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Russia Losing 1-3 Meters of Arctic Shoreline to Climate Change Annually – Scientists

Kolguyev Island, Nenets autonomous district. SuricataJ (CC BY-SA 4.0)

Russia is losing increasing amounts of its Arctic coast each year as climate change accelerates natural erosion processes, a phenomenon that could catalyze new ecological disasters, scientists have warned.

An amount of shoreline roughly the size of central Moscow now collapses into the sea every year, Stanislav Ogorodov, the head geo-ecological scientist at Moscow State University (MGU), told the state-run Rossiyskaya Gazeta newspaper Friday.

While thermal abrasion — where the Arctic Ocean’s combined mechanical and thermal energy erodes sea coasts — is a natural process, global warming has made it significantly more intense, a team of MGU scientists has claimed in a new study.

The researchers created a database which shows that different regions of Russia’s Arctic are losing ground at different speeds. Thermal abrasion now erodes the coastline at an average of 1-3 meters per year and is doing so as fast as 5-7 meters per year in some places, the study said. In places where the shoreline is mostly covered by ice, such as in the republic of Sakha in eastern Siberia, as much as 10 meters of shoreline can fall into the sea per year, Ogorodov said.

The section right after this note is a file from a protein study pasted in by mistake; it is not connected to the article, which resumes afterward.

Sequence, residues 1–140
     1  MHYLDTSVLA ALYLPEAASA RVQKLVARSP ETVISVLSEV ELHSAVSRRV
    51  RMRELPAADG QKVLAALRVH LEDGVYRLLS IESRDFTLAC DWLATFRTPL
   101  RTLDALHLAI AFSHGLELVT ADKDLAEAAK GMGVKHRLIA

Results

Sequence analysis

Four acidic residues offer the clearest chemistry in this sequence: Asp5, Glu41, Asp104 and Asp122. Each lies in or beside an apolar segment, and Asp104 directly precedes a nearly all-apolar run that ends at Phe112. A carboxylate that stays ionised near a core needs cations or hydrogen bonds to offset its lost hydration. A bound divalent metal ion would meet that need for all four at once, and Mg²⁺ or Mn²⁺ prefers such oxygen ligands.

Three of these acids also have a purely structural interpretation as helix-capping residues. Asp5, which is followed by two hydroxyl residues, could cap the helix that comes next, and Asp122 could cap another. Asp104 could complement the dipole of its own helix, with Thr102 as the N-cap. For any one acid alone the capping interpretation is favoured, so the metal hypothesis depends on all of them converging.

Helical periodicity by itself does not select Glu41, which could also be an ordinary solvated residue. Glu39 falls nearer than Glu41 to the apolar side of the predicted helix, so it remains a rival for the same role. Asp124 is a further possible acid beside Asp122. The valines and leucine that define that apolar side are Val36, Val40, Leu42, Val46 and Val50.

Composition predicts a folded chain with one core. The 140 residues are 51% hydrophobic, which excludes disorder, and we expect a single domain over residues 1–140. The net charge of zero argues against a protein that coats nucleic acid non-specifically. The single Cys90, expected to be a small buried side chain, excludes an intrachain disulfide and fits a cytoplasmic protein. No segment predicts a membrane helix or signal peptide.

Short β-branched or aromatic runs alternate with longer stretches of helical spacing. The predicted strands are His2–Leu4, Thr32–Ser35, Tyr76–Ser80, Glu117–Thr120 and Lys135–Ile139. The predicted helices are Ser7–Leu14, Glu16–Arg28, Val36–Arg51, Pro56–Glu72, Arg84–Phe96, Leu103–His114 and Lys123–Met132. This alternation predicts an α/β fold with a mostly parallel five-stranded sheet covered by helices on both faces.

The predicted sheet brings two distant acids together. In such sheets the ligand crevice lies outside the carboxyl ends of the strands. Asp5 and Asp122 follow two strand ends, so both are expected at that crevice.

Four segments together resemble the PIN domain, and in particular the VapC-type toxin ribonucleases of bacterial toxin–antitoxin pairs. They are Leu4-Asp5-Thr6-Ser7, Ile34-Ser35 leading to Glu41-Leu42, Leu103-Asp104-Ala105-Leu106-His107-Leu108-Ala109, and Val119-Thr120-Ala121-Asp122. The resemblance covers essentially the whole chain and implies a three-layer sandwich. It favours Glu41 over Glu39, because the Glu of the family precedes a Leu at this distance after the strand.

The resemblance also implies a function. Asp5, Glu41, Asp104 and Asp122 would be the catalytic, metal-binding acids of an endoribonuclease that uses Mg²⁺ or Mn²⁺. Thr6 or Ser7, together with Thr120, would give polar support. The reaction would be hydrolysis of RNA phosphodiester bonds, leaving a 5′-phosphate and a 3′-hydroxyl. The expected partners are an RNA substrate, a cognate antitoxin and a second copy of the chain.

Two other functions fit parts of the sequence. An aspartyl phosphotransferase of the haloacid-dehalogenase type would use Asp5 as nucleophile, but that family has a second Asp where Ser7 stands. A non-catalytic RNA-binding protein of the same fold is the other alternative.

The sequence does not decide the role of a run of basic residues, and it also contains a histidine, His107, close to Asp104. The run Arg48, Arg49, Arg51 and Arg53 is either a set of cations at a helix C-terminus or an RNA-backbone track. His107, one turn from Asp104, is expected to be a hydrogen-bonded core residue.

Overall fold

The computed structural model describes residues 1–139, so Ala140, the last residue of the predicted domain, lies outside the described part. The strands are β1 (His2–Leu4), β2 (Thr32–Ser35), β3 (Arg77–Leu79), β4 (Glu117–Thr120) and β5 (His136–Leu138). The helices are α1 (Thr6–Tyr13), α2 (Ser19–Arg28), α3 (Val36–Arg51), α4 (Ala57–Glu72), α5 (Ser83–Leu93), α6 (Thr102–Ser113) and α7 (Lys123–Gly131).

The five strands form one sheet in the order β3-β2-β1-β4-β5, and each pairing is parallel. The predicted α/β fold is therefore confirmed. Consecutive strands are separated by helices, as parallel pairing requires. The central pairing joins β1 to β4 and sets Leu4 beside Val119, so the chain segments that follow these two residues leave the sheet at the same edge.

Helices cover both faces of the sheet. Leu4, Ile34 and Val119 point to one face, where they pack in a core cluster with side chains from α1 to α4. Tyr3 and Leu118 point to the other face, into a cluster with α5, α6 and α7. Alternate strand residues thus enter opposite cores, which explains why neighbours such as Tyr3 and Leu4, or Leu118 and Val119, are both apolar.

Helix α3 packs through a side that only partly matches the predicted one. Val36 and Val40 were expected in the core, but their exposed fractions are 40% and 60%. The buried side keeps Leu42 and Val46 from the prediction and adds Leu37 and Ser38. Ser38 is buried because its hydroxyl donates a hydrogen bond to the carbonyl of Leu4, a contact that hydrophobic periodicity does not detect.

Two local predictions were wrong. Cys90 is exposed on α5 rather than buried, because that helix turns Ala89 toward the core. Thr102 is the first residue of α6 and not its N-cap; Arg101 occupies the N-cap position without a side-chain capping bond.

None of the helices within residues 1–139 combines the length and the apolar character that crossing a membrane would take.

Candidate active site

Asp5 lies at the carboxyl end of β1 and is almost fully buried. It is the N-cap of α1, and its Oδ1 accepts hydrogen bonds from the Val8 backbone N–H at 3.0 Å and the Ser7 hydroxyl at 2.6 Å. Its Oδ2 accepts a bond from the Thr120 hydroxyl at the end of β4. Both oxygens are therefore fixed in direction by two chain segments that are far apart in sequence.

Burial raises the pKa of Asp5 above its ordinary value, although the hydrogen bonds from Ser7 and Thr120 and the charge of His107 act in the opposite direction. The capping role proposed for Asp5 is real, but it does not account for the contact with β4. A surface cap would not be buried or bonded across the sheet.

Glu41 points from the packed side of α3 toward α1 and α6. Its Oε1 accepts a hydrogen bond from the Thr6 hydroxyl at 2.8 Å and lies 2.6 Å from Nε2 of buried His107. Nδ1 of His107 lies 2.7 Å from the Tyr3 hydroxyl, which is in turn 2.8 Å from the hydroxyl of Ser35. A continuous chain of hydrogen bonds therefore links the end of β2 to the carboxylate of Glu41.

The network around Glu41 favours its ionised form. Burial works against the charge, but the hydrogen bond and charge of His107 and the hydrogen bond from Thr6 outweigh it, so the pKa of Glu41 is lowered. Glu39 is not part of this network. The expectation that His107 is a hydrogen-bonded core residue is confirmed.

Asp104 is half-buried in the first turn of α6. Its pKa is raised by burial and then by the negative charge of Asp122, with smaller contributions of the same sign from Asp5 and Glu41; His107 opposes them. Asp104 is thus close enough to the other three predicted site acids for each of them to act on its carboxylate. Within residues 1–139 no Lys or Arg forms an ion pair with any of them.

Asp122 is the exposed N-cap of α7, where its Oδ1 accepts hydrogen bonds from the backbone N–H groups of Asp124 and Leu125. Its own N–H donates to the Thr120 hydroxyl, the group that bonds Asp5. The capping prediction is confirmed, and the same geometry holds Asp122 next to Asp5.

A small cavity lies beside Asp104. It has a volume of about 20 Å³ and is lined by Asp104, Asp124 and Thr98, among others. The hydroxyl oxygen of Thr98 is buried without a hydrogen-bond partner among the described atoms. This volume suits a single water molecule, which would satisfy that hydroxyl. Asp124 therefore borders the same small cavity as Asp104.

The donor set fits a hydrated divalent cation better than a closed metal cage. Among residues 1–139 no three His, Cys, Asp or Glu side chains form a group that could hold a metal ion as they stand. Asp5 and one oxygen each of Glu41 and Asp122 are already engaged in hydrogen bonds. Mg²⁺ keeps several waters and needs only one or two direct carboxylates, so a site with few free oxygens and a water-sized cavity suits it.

This loss of coastal lands can damage human infrastructure and poses a major threat to local ecosystems, Ogorodov warned. 

Russia’s Arctic coastline has been home to millions of barrels of fuel and chemicals since the Soviet era, and these could spill into the ocean if located on an unstable part of land. Russia is also planning several new oil and gas projects along the Arctic coast which would be vulnerable to damage and collapse, polluting ecosystems and leading to major financial losses.

The MGU scientists concluded that oil and gas producers and regional authorities need to closely monitor their infrastructure that is most at-risk to thermal abrasion and to thoroughly evaluate potential construction sites along the coast for stability. 

Another threat to Russia’s Arctic infrastructure is the melting of permafrost, the permanently frozen soil that covers 65% of Russian territory.

Permafrost melt is predicted to cost the Russian economy $67 billion each year by 2050. This year, President Vladimir Putin ordered his government to create a robust permafrost monitoring system and develop a strategy to counter this process.

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